Re 'fenders' and streamlining IFrom Manfred Curry's Aerodynamics of sails:
"It is an error to suppose that the resistance of the air plays a consederable role only at high speeds. It is true that the resistance increases as the square of the velocity, but it becomes a most important factor at a speed of only six or eight miles an hour. This has been confirmed by the author... by experiments with the Landskiff, a machine for 'rowing on land'.... (which) attains a speed of 30mph ... enveloped in a streamline cover and.... only 18 (when uncovered)."
Photographs of the Landskiff at Avus show the wheels uncovered. Anyone who has had to put close fitting cycle wings on a vintage car will understand how awkward it is and anyone who has ridden a motorcycle with one of those extravagantly large mid fifties mudguards on the front in a cross wind will appreciate that you need a wind tunnel and a large budget to get it right. A normal bicycle mudguard (fender, if you must) falls on the right side of the utility/bloody-nuisance-to-fit equation if you want to keep off some rain. If you were really fussed about streamlining, then you would be riding a recumbent anyway. I would have thought, in any case, that windage losses with a close fitting mudguard might exceed the gains.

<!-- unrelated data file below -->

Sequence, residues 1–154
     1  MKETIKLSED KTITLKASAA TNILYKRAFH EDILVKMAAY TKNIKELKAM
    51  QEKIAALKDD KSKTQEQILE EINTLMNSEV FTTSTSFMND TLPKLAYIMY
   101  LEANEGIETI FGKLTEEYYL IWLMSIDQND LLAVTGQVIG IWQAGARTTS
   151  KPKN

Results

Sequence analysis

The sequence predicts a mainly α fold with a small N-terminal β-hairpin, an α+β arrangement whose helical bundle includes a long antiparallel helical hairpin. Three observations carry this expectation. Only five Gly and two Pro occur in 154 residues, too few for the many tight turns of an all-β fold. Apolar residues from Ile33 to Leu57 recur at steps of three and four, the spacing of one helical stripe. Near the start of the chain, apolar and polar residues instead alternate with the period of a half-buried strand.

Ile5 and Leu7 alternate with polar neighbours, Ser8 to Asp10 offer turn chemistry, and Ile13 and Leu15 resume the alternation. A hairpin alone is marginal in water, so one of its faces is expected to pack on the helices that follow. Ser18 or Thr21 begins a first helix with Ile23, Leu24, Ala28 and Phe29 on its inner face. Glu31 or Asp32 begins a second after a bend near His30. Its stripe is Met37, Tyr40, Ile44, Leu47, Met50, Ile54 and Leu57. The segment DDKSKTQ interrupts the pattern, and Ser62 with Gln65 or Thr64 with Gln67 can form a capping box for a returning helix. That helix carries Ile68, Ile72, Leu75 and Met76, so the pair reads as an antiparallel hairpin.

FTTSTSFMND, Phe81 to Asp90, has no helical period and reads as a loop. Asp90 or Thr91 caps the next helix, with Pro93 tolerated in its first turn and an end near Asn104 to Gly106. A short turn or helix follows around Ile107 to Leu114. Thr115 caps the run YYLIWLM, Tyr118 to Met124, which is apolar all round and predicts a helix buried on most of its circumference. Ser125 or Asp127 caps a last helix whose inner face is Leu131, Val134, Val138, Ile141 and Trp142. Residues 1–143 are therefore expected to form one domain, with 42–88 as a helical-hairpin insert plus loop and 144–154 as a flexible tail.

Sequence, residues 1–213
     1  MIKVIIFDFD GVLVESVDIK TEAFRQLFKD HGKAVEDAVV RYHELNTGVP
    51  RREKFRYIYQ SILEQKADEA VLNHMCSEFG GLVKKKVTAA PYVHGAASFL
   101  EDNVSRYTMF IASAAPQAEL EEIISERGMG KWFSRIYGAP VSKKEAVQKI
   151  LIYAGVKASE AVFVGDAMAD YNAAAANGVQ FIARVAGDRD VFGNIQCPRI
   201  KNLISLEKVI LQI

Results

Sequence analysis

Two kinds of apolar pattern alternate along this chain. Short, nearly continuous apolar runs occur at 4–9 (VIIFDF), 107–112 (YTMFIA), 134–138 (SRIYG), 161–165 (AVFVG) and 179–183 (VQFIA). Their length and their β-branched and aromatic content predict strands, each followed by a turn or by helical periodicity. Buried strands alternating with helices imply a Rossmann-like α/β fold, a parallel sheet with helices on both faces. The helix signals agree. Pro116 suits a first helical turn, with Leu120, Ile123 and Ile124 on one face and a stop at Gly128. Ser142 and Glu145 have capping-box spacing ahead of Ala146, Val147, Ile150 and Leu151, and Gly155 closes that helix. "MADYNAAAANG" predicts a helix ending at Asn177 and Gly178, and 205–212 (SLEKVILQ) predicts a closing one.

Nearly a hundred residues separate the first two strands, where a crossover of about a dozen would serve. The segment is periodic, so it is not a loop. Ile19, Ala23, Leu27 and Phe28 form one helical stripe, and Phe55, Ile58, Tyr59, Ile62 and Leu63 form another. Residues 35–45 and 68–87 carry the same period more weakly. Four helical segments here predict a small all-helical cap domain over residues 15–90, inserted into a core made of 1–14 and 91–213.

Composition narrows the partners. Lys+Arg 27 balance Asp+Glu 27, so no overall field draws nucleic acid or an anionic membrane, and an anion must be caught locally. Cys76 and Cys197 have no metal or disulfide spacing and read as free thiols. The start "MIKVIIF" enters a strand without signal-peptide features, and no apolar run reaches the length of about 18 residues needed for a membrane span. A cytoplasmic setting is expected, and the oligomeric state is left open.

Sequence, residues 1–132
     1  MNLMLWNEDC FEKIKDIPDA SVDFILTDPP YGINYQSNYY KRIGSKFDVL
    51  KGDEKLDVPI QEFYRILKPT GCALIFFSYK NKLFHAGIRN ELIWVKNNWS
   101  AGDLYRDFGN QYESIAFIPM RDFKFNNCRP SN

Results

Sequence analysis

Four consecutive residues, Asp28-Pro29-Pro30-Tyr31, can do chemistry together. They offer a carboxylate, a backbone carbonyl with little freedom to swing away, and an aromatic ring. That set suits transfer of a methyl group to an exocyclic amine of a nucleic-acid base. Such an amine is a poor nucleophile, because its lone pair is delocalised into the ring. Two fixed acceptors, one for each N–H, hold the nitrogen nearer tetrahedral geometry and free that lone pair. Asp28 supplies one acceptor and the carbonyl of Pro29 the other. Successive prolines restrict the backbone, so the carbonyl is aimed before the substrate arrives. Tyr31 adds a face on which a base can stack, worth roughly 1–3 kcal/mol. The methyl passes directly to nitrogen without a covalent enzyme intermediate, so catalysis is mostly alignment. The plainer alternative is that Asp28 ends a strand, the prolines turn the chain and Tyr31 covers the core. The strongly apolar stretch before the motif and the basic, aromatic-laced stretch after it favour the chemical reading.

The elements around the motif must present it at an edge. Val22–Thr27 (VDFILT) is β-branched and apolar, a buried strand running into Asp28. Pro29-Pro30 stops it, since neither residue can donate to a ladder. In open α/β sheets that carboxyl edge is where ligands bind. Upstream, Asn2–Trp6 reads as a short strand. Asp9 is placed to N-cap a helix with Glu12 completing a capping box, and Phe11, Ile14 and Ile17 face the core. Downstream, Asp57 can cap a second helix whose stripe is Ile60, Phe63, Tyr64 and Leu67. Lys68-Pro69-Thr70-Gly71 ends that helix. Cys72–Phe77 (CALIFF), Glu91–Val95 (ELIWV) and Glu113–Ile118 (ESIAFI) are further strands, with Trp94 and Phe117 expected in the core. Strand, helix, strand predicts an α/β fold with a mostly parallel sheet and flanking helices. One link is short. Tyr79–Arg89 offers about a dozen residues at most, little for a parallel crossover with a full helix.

Classic content? Well, I think a human powered four wheeled cycle built seventy five years ago fits that bill.
Stuart Tallack in Sussex-by-the-sea